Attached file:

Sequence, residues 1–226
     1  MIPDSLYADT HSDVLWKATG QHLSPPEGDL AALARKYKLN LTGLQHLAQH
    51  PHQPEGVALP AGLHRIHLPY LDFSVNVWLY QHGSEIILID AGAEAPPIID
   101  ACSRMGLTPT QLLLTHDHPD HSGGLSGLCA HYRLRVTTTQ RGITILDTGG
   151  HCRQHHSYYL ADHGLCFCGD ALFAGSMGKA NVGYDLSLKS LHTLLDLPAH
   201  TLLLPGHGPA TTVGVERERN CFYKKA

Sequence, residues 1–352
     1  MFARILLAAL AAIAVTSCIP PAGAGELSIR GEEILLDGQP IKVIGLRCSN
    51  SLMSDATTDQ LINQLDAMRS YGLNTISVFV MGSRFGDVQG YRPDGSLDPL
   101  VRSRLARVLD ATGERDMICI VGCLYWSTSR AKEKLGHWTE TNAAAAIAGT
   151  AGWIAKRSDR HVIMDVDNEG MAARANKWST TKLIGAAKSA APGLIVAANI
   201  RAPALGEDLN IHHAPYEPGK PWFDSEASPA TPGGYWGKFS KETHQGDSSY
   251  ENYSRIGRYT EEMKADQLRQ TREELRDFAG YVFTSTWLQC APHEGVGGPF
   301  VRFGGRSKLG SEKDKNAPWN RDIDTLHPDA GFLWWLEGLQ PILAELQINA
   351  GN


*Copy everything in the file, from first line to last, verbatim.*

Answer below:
Sequence, residues 1–226
     1  MIPDSLYADT HSDVLWKATG QHLSPPEGDL AALARKYKLN LTGLQHLAQH
    51  PHQPEGVALP AGLHRIHLPY LDFSVNVWLY QHGSEIILID AGAEAPPIID
   101  ACSRMGLTPT QLLLTHDHPD HSGGLSGLCA HYRLRVTTTQ RGITILDTGG
   151  HCRQHHSYYL ADHGLCFCGD ALFAGSMGKA NVGYDLSLKS LHTLLDLPAH
   201  TLLLPGHGPA TTVGVERERN CFYKKA

Sequence, residues 1–352
     1  MFARILLAAL AAIAVTSCIP PAGAGELSIR GEEILLDGQP IKVIGLRCSN
    51  SLMSDATTDQ LINQLDAMRS YGLNTISVFV MGSRFGDVQG YRPDGSLDPL
   101  VRSRLARVLD ATGERDMICI VGCLYWSTSR AKEKLGHWTE TNAAAAIAGT
   151  AGWIAKRSDR HVIMDVDNEG MAARANKWST TKLIGAAKSA APGLIVAANI
   201  RAPALGEDLN IHHAPYEPGK PWFDSEASPA TPGGYWGKFS KETHQGDSSY
   251  ENYSRIGRYT EEMKADQLRQ TREELRDFAG YVFTSTWLQC APHEGVGGPF
   301  VRFGGRSKLG SEKDKNAPWN RDIDTLHPDA GFLWWLEGLQ PILAELQINA
   351  GN